Common Tread

BMW G 310 GS: Is it an adventure motorcycle?

Dec 09, 2016

For at least a few minutes, the one we can't have yet upstaged the one we were riding.

During the press ride for the new BMW G 310 R this week, we stopped for lunch at a seaside restaurant near Malibu and BMW had the R's sibling, the G 310 GS, parked in the dining area. The G 310 R is an important model for BMW worldwide, without question. But just as the R 1200 GS is the company's best selling model, I expect the G 310 GS to be the best seller in the new G line of smaller BMWs — and maybe the best selling BMW of all.

Of course everyone went over to check out the little GS. For those of us who didn't make it to the EICMA show in Italy, this was our first chance to leave greasy fingerprints on the mini-GS.

Comments were almost universally positive. While the G 310 R has a family resemblance to the S 1000 R, the G 310 GS looks even more like a scale model of the R 1200 GS.

BMW G 310 GS
BMW had a G 310 GS on display at the lunch stop of our G 310 R ride. BMW photo.

So let the debate begin

The predictable debate has already begun in the dirty, adventure-riding corners of the internet, especially since Kawasaki also announced the Versys-X 300 and Honda unveiled the CRF250L Rally. Segments of the ADV community have been clamoring for lighter adventure bikes for a long time, and now there are new choices. So the question is, which one best meets a particular rider's needs for long-haul ability and off-road capability?

The new, small Versys departed from its bigger siblings by getting spoked wheels, including a 19-inch front, allowing for a wide range of dual-sport tires. The Honda got more suspension travel over the CRF250L dual-sport it was based on. In other words, both moved toward the dirt end of the spectrum. Then came the BMW, with cast wheels. The frame, engine and many other parts are the same as on the street-going G 310 R. So is it really a lighter version of the famously capable go-anywhere R 1200 GS, or just a scale model for looks only?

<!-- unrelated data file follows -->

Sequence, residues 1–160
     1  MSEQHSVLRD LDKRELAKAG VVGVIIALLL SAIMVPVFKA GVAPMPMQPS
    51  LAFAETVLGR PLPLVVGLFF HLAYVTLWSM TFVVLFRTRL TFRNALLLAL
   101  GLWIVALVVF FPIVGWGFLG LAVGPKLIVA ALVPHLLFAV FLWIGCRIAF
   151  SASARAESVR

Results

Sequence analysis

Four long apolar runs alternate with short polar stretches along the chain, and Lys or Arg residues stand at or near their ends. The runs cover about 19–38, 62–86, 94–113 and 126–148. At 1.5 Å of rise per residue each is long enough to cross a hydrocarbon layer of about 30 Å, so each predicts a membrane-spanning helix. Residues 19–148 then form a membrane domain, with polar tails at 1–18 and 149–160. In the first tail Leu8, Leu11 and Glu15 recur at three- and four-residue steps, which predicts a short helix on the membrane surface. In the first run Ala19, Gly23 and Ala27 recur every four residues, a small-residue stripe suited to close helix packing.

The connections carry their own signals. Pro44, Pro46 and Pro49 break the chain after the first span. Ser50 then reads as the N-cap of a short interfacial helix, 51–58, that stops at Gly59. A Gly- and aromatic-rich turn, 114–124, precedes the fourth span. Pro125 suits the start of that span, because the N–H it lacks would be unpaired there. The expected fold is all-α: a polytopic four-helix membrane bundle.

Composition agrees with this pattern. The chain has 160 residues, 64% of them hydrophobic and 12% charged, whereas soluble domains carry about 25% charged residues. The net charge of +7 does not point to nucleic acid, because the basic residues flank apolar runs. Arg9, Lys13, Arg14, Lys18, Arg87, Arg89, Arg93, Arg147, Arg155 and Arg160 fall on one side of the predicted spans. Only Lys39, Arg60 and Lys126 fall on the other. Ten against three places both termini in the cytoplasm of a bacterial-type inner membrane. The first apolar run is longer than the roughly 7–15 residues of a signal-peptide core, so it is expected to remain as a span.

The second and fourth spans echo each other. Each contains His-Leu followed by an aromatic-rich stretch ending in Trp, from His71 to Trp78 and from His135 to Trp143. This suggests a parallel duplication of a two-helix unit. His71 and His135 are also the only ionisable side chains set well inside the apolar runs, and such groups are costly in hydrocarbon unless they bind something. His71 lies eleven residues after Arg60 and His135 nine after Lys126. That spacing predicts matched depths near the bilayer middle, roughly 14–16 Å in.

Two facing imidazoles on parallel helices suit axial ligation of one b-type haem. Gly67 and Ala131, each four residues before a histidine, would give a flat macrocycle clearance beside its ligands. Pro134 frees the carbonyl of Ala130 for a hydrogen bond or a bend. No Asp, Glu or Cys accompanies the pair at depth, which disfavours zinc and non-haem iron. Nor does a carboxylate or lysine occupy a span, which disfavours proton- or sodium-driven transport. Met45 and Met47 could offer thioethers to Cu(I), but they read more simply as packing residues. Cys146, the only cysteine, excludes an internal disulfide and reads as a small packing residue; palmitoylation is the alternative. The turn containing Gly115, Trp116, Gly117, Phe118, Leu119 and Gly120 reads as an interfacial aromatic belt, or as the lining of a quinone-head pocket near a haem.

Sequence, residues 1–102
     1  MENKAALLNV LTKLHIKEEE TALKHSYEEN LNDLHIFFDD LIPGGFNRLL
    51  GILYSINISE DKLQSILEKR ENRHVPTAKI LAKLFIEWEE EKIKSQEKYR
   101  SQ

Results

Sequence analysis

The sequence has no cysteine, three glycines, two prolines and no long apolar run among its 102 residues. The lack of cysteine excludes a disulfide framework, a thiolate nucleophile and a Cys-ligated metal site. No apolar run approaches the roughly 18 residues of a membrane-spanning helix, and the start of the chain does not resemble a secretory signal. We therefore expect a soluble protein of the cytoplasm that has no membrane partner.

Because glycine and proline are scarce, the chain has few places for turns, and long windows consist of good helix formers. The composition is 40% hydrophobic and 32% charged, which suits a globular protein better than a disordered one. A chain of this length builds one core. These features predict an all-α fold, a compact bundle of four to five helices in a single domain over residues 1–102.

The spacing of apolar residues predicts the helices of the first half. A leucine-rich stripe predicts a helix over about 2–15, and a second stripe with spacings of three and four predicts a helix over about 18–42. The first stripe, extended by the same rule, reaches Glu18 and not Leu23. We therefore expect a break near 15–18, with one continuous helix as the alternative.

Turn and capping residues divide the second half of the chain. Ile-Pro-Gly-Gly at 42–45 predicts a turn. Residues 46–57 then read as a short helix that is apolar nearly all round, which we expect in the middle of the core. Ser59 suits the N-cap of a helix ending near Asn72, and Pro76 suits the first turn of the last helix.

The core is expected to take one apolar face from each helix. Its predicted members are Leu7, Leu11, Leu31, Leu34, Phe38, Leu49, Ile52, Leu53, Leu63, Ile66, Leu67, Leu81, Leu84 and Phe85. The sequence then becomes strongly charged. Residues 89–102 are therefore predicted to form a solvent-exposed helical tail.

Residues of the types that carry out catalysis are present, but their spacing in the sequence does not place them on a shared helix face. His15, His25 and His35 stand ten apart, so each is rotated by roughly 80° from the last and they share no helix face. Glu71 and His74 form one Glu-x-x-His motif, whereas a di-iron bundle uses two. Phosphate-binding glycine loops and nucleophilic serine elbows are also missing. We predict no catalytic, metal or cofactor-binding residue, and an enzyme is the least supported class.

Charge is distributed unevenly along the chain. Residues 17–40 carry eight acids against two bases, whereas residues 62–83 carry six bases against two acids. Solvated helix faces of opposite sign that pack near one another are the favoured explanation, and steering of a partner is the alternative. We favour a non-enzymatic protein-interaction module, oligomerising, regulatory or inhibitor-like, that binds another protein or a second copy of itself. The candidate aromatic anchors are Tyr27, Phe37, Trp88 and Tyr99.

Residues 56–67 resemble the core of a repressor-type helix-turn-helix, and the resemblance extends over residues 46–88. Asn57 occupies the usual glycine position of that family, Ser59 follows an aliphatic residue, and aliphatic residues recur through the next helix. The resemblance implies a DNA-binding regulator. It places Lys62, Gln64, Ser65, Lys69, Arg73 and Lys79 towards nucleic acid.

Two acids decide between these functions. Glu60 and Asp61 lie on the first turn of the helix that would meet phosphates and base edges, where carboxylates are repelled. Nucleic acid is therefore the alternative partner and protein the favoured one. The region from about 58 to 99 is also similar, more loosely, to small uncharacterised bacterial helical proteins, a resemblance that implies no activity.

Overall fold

After the day's ride on the G 310 R, I happened to end up on a bar stool next to BMW Motorrad North America Vice President Michael Peyton, a Harley-Davidson veteran who joined BMW this summer. Naturally, I peppered him with questions before he had to leave to catch his red-eye back to HQ in New Jersey (or at least that's what he told me — maybe he just wanted to escape a pesky motorcycle writer).

One of those questions was: Why not spoked wheels and maybe a bit more suspension travel on the G 310 GS? Why not give it a little more of the R 1200 GS's off-road capability to go with its looks?

His answer, to paraphrase, was that it doesn't really need it. Given the way the vast majority of buyers will use the G 310 GS, the cast wheels were the way to go.

I know there will be a group of adventure riders, particularly in North America, who have been wanting a lighter weight adventure option and will disagree with him. But I also know, looking at things from a broader perspective, that he's right. The G line of motorcycles is BMW's entry into huge markets in India, Brazil and Asian countries where, right now, BMW has nothing to offer the average, middle-class consumer. The G 310 GS doesn't have the wheels, fuel capacity, suspension travel and he-manliness to make it the star of the next outrageous off-road adventure video, but it might well be perfect for navigating the questionable roads of a lot of motorcycle-happy countries around the world.

Of course my answer to Mike was that yeah, maybe the bike doesn't need spoked wheels, but we motorcyclists have a long history of walking right past what we need in the showroom to get to the object of lust that we desire. I wonder if middle class consumers in those other countries will pick up our bad habits and start buying motorcycles that provide the image they're looking for, instead of the performance they need.

BMW G 310 GS
BMW unveiled the G 310 GS at the EICMA show last month. BMW photo.

The good and bad news

When the G 310 GS was announced, I saw the guessing games begin on web forums about how much it would cost. Some suggested BMW might ask $10,000. The good news is it will be around half that. BMW made sure the G 310 R came in under $5,000, and execs said the GS would be "similarly attractively priced."

The bad news is that the bikes won't be in dealers until the second half of 2017 — or maybe near the end of the year. So it may be a while before we have a final verdict on how much adventuring the G 310 GS can really handle.